EIFF blog: All Aboard the Night Train
This year's EIFF Night Moves strand, aimed at that hardy festival mob who like their celluloid blood soaked, creepy or just a bit strange, offered an eclectic mix of horror, action and comedy. Occasionally, and most successfully, this triumvirate would be found in the same piece; the broad laughs, unexpected jumps and well-staged thrills of Boris Rodriguez’s bonkers Eddie: The Sleepwalking Cannibal and Jon Wright’s riotous Grabbers undoubtedly standouts. But was everything else keeping the crowds up at night for a very soggy two weeks in Edinburgh quite as enjoyable? Hmmmm.
First out the blocks was Eduardo Sánchez’s Lovely Molly, an unsettling tale of a woman slowly unravelling upon moving back to the house of her childhood. The spectre of previous abuse hangs over Molly (Gretchen Lodge) in the form of her deceased father, whose presence appears to manifest in increasing violent attacks around the home. Cleverly focusing on factors other than the supernatural that could be causing Molly’s torment – her drug abuse and a loneliness exacerbated by her absent truck-driver new husband – heighten the ambiguity. Lovely Molly is marked by outstanding sound design, solid pacing and a good deal of genuinely disquieting imagery; there’s a fair amount to like (and be freaked-out by) until Sánchez has everything fall flat with some spectacular failures of logic in the third act and a frankly silly denouement. Still, worth a watch while on general release.
Onwards then to the delightful Grabbers. A packed Filmhouse crowd lapped-up this Tremors and Gremlins-tinged throwback to classic comedy-horror. There’s monsters in the water. They get out of the water. They terrorise a tiny community of assorted Oirish oddballs and a Matt Hooper-inflected biologist (Russell Tovey). Hilarity ensues. Not just the highlight of Night Moves but troubling the best the whole festival had on offer, Grabbers is a pitch perfect creature feature with some nice frights to compliment all the daftness and a wonderful performance from telly’s Ruth Bradley, a talented comic performer hopefully destined for bigger things.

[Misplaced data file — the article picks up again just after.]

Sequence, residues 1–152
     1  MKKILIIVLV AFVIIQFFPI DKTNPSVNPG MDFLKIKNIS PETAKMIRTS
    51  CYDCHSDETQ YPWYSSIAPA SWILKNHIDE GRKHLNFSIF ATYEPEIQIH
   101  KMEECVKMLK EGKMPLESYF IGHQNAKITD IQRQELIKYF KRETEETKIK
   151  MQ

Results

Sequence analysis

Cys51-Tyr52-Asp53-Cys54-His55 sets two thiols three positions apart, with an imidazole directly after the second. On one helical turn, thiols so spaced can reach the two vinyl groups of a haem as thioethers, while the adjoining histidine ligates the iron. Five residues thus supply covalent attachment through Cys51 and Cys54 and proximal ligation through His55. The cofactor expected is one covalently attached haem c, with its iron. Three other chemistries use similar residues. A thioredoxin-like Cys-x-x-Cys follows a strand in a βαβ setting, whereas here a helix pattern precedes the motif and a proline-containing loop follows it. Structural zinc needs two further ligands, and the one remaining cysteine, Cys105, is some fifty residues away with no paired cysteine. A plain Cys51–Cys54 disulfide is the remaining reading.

The first Saturday, however, offered somewhat of a lull for the nocturnally-minded. While Magnus Martens’ Jackpot, based on a story by Jo Nesbø, was diverting enough in a seen-it-all-before, blackly-comic caper kinda way, with a wonderfully befuddled protagonist in Kyrre Hellum’s Oscar, it was made to look like a masterpiece by the unceasingly dreadful Guinea Pigs. Ian Clark’s feature debut wastes an interesting premise: seven (lazily drawn) archetypes volunteer for a pharmaceutical trial in a sinister, secluded complex. The drug turns them (at differing rates) into squawking, super-strength psychos after ingestion, only to neglect the potential in the dual terror of fighting both an internal and external threat to deliver a succession of banal, dim-witted, poorly shot set-pieces and appallingly ill-conceived social commentary. Bewilderingly chosen for Best of the Fest on the last Sunday evening, Guinea Pigs was about as scary as a basket-full of the titular fluffy rodents – albeit slightly cross ones.
Night Moves returned at the start of the final weekend with the highly-anticipated double-bill of V/H/S and Tim and Eric’s Billion Dollar Movie. What a let-down. If the words ‘found-footage horror portmanteau’ have you running in the opposite direction, the involvement of promising director Ti West and mumblecore founding father Joe Swanberg in V/H/S may tempt a volte-face. Should have stuck with your gut. West’s segment, definitely the strongest and least problematic in terms of its sexual politics, was a brief shining light along with a raw, ferocious opening reminiscent of Man Bites Dog, but the initial frisson of excitement is soon supplanted by tedium as various horror tropes are tackled in five shorts of varying (though never great) quality, tenuously linked by a tale of hoodlums seeking-out a mysterious video in a derelict house seemingly populated by zombies. Bizarrely quiet, sleepy zombies. V/H/S would have been just plain forgettable were it not for an incessant misogyny rendering it pretty hateful; though there is a theme of abused women getting revenge on male tormentors, there’s an awful, awful lot of leering, nastiness and ogling before we get to that. These boys seem to be having their cake and eating it, too.
If only there was something as interesting to get annoyed with in Tim and Eric, an excruciating non-comedy from some guys who apparently do stuff on the internet. Please, return there… Not satisfied with being simply not funny, Eric Wareheim and Tim Heidecker seem hell-bent on bludgeoning the audience into a stupor with unbearable inanity, the effect recalling being repeatedly punched in the face. Not by a large, burly man, which would at least promise the release of unconsciousness, but by a yabbering, slavering, malevolent toddler. Avoid at all costs.
A relief, then, that the final Night Moves movie to screen saw another highlight in Eddie: The Sleepwalking Cannibal, a deadpan slice of Canadian fried gold. Another film expertly walking the tightrope of horror-comedy with some great chills and a marvellously absurd, often laugh-out-loud script, Rodriguez’s tale of a once great artist rediscovering his joie de vivre thanks to the night-time eating habits of his by-day sweet-natured, lug-headed lodger offered a strong close to a strand of changeable potency. With a gleeful amorality and loftier ideals than initially apparent as the nature of beauty, exploitation by the intellectual-elite and violence inherent in much of the finest art are ironically, subtly invoked, Eddie will hopefully be lumbering his way to a cinema near you. If only we could await all the others with quite so much eagerness.